At AAA, the Yankees have three guys who have been throwing well — Chris Britton, Jonathan Albaladejo and Edwar Ramirez — along with Scott Patterson who is off to a slow start. Of those three, Britton and Albaladejo have successful, if limited, Major League track records, and Edwar has flashed bouts of brilliance in between bad outings.
If we assume that the Yankees could get something for LaTroy Hawkins — he is, after all, and Established Name with a track record of success — then they should look to move him. Britton, Albaladejo and Ramirez are all significantly younger than the 35-year-old Hawkins, and their upsides are much higher than Hawkins’. We didn’t need Hawkins in the pen when Brian Cashman signed him out of some requirement for veteran bullpen stability, and we don’t need him now when three guys at AAA could outperform him. If an offer sounds good, I say make the move.
At the risk of inciting a numbers-based riot, I direct your attention to Tyler Kepner’s latest notebook in The Times with a quote from Number 21 himself:
“I’ve always been blown away by the way the fans have treated me there,” O’Neill said in a telephone interview. “I have absolutely nothing against LaTroy Hawkins, but it’s unbelievable what the fans have done. It makes you feel good as a player, obviously, because that tells you they appreciate what we did as a team.”
To me, it sounds like Paul would love to see his number retired. That is a rather pregnant “but” after the LaTroy Hawkins mention. Either way, perhaps we should put this story to rest for now.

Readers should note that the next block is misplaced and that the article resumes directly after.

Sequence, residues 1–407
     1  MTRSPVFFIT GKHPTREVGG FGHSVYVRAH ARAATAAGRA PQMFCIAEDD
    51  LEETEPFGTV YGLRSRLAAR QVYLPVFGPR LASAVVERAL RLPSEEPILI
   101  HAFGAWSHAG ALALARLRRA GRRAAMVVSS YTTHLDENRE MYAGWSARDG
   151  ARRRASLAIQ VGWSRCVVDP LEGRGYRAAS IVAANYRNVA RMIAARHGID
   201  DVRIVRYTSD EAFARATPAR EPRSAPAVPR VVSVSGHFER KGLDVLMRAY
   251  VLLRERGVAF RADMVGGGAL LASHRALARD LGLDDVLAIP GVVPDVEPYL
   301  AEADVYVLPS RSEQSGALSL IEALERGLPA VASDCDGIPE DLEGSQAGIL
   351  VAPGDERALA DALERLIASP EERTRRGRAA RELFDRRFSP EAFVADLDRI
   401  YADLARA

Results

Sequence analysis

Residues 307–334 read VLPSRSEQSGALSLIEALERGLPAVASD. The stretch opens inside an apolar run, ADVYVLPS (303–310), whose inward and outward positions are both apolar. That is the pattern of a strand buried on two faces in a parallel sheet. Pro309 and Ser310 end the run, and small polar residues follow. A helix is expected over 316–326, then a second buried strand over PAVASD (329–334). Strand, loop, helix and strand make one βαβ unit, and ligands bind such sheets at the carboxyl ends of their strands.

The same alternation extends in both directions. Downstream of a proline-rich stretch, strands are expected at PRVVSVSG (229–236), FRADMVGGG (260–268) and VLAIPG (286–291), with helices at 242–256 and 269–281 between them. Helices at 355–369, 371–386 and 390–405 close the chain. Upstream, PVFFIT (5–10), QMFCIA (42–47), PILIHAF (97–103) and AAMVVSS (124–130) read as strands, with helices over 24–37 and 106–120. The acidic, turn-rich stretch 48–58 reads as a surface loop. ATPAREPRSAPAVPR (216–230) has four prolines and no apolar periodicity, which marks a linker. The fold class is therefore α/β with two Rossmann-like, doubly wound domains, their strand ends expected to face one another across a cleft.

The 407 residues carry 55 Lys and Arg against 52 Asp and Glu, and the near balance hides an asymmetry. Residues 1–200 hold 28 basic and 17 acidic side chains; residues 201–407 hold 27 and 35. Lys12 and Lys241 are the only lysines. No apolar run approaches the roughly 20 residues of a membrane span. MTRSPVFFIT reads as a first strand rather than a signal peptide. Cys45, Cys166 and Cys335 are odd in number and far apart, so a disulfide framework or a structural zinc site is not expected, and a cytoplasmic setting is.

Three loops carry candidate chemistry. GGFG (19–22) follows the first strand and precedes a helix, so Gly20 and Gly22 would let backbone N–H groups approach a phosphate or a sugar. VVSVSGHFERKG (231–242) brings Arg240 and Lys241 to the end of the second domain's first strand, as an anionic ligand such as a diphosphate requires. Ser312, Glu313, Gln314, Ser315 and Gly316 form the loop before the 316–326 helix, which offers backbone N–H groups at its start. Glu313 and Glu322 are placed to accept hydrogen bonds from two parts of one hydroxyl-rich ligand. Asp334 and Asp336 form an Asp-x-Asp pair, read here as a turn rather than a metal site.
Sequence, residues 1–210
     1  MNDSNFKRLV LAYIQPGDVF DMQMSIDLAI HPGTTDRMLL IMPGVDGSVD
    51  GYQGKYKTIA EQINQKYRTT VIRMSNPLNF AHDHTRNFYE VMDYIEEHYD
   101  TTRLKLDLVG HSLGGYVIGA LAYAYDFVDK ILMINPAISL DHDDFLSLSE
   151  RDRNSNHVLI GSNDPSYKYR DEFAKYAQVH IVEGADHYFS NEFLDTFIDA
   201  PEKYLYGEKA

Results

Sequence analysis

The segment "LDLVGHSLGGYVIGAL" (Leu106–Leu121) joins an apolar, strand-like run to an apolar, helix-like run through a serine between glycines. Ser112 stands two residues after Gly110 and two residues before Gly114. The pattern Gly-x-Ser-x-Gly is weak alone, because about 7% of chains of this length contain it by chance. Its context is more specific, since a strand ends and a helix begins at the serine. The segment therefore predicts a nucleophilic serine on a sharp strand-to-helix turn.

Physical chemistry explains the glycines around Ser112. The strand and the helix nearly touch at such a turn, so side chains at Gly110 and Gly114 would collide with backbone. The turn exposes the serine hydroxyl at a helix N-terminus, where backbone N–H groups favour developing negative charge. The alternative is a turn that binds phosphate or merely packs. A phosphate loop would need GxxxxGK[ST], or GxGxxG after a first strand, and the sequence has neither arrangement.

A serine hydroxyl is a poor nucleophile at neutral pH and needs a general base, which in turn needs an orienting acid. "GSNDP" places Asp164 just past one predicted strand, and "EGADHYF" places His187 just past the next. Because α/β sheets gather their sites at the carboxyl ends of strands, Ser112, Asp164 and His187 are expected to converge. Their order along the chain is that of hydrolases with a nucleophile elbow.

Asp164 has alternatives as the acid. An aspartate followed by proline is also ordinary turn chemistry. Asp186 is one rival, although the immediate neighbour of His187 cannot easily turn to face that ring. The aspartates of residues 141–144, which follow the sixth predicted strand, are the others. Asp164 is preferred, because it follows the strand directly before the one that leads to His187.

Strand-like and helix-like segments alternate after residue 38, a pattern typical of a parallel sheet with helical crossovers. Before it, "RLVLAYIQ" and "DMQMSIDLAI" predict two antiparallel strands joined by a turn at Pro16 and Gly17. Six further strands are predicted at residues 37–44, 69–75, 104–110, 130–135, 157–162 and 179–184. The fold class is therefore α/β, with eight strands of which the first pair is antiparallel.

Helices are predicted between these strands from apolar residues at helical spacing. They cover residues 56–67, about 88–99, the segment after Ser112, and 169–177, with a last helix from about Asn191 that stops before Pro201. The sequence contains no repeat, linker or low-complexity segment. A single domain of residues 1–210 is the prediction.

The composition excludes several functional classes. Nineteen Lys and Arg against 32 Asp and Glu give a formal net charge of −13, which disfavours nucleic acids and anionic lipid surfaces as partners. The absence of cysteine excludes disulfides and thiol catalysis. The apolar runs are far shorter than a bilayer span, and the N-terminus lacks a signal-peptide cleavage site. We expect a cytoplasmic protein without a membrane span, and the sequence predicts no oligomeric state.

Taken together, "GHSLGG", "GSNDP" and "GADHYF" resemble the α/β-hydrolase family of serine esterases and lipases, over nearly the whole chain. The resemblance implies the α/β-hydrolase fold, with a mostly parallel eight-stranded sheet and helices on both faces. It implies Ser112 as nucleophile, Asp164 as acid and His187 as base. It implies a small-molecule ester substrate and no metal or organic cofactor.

Nice work, folks. We’ve booed LaTroy Hawkins into submission. I hope everyone feels good about that. Hawkins, previously wearing number 21, will switch to 22 tonight after fans couldn’t deal with someone else wearing the number seven years after Paul O’Neill retired. No word yet if the Omar Moreno or Jimmy Key fans plan on booing Hawkins for the switch.
While Morgan Ensberg couldn’t stand the heat he got for picking out Paul O’Neill’s former number, the long-dormant 21 will return to the field this week if the Yanks ever get to begin their season. LaTroy Hawkins, in an effort to honor Roberto Clemente, will don 21 this year, and Bryan Hoch traces the feelings surrounding O’Neill’s number. It will be interesting to see how Hawkins is received for taking what many Yankee fans believe is a number that belongs in the Yankee Pantheon. Hawkins has previously worn 32 and donned 22 with the Yanks in Spring Training. He grew tired of having Brian Bruney call him “Roger.” Doesn’t that sound endearing?
Tyler Kepner in The Times and Mark Feinsand in the Daily News both tackle LaTroy Hawkins today. The Yanks’ latest veteran addition to the bullpen is impressing his bosses during the early days of Spring Training. Hawkins is a vital piece in the bullpen this season; if he can turn in some consistency from the set-up role, Joba would be free to move to the starting rotation.
In 2007, the Padres and the Red Sox topped their respective leagues in bullpen ERA and batting average against. Thing is, entering the season, neither team had much to boast about in that department. In fact, the Sox pen was in such shambles that Jonathan Papelbon told Tony Francona that he wanted to move back to the closer role (or at least that’s how Boston tells the story). So how did these two teams come out ahead?
Obviously, the first step in building a bullpen is creating a viable endgame. Both Trevor Hoffman and Jonathan Papelbon qualify as such. They keep things relatively stable at the end — Papelbon more than Hoffman, though, as he blew just three saves last year (and we remember a couple of ‘em), while Hoffman was the goat in seven games, including the most important one for the Padres.
There’s not much else to say about this. We have it in Mo, who I think we all can agree is better than Hoffman at this stage of his career.